AA: It was pretty amazing actually. We were pretty new at that point. There’s definitely something about playing in your hometown. You know you cross circles with people all the time, but that was a way to showcase something cool and be apart of something really awesome. There is something about playing a festival where you live and being with everyone you know. The whole day was this crazy Brooklyn energy where you can feel everyone zipping around. It was just like, "How much fun can we have in one day?" I love that feeling in festival season when you're just excited about absorbing as much music as you can. There were new artists, emerging artists, artists that have been around for years. It was this really solid, great memory for me.
DS: Do you have a favorite live performance?
AA: It sounds cliché, but each performance is so different for me. Like playing Northside was a pretty amazing moment because we had worked so hard to get there. It was one of our biggest performances to that date. It felt like this great benchmark kind of moment and on stage, it was the first time feeling like it was all real. The next moment was releasing the EP at Glasslands. We had this physical evidence of what we do and what we had worked so hard on. Having everybody there celebrating with you and having something that people could actually hold on to was another moment. I think there are going to be a lot of moments like that too. In New York, there’s this cycle of trying to get better at what you’re doing. Sometimes you can get caught up in the feelings of "what’s next?" You don’t have time enjoy your triumphs so it’s great to have those moments where I get to pause and feel like I actually accomplished something.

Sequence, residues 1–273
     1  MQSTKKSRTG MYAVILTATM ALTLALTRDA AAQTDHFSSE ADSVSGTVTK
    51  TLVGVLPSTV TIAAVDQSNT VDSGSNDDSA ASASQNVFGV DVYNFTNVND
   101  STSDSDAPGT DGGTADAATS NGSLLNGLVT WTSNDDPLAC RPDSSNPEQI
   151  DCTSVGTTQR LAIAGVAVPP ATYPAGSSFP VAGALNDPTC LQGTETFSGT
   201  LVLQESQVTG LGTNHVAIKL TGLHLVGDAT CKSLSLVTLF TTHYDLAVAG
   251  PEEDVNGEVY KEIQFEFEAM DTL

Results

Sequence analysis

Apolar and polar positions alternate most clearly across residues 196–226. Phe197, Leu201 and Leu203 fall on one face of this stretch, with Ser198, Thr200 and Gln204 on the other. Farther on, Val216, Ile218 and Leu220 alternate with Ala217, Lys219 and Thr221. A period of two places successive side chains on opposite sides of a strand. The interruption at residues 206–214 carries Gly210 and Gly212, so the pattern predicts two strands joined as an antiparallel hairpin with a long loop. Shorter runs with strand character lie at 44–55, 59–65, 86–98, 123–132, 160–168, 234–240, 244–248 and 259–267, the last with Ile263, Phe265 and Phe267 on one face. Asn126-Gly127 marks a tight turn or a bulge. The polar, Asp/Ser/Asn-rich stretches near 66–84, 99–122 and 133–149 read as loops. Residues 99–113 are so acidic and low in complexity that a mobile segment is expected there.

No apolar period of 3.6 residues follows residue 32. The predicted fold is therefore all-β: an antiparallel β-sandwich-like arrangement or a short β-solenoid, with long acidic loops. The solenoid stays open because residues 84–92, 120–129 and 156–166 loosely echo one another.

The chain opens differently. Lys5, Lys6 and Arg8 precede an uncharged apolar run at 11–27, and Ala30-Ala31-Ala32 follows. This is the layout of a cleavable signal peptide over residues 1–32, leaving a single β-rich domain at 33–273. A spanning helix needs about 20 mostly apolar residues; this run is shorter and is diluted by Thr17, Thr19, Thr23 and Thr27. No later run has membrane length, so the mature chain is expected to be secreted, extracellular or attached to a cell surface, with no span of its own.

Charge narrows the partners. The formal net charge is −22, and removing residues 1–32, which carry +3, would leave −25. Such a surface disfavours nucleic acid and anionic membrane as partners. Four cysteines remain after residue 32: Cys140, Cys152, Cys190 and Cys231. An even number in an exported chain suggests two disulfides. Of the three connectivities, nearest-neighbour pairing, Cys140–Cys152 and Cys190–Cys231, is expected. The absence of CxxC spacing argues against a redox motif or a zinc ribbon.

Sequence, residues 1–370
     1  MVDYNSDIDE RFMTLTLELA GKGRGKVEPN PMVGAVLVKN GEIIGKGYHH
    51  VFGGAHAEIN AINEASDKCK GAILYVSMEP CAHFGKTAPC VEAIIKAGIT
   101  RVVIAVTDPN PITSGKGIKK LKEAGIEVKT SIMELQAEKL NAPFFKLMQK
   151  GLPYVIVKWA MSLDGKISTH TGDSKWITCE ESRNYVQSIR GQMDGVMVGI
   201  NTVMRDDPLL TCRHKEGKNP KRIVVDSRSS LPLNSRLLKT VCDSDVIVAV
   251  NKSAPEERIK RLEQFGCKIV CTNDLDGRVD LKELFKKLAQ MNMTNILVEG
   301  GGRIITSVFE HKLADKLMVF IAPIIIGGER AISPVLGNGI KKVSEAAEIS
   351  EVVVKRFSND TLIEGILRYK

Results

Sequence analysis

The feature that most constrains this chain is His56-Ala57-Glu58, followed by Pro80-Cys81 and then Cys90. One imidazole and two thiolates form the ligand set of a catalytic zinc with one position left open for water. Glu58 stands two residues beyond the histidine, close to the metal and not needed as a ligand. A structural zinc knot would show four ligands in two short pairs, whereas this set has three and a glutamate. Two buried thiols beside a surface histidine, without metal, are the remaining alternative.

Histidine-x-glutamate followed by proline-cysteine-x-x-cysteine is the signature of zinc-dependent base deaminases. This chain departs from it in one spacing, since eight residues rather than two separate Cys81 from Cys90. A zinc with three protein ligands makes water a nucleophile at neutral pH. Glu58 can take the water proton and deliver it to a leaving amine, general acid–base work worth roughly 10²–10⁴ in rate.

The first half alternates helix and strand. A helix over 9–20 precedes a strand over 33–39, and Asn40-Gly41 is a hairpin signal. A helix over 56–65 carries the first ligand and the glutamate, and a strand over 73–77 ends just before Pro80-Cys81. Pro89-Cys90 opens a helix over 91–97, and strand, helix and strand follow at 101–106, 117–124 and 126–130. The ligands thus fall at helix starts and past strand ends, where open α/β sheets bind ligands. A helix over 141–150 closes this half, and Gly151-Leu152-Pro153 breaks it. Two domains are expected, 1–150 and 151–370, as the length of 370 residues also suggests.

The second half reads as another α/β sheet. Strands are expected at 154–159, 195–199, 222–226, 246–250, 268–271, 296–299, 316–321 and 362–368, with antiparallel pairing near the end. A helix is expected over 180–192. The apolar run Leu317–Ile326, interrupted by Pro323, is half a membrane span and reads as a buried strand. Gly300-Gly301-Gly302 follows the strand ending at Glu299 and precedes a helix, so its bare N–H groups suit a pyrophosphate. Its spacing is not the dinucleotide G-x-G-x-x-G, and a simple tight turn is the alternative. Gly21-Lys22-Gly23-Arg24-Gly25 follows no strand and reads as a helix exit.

DS: Festival season is approaching. Do you think it’s the crowd or the artist roster that define a music festival?
AA: It depends honestly. With a certain roster, you’re going to attract a certain crowd, but if you’re curating the festival, you’re going to arrange artists based on the crowd. They can directly influence one another in the moment. They are all different. You can have the same group of artists in Madrid or in Brooklyn and it will be a completely different vibe. I’ve been to some really cool festivals and some lame festivals and it’s hard to determine what factor makes it so. You never know which side the energy will be placed on.
DS: Brooklyn is often referred to as this hub for creativity, where one is constantly surrounded by all sorts of fellow artists. How are the people you surround yourself with reflected through your music?
AA: Most of my friends are musicians which makes sense because we all work in the same field and it’s this community of sharing and getting ideas. But we’re all sort of also competing with each other and not in an intense way, but we just are. So there is this constant feeling of always trying to push each other, or I guess push one another away from this pack of extremely talented musicians to separate our selves. There is so much talent in this community and in innovation that you have to constantly be working and getting better at what you do. It’s inspiring and hectic and crazy, but it’s worth it. Now I’m sort of hanging out with visual artists which is so awesome because it’s not really my medium. It’s wonderful to bounce ideas around people who are artistic, but think about things in a completely different way. It helps to shape my music, I haven’t figured out how, but I can feel it shifting. There is this infinite potential in collaborating that is so exciting.
DS: Who are some of your favorite people that you collaborate with?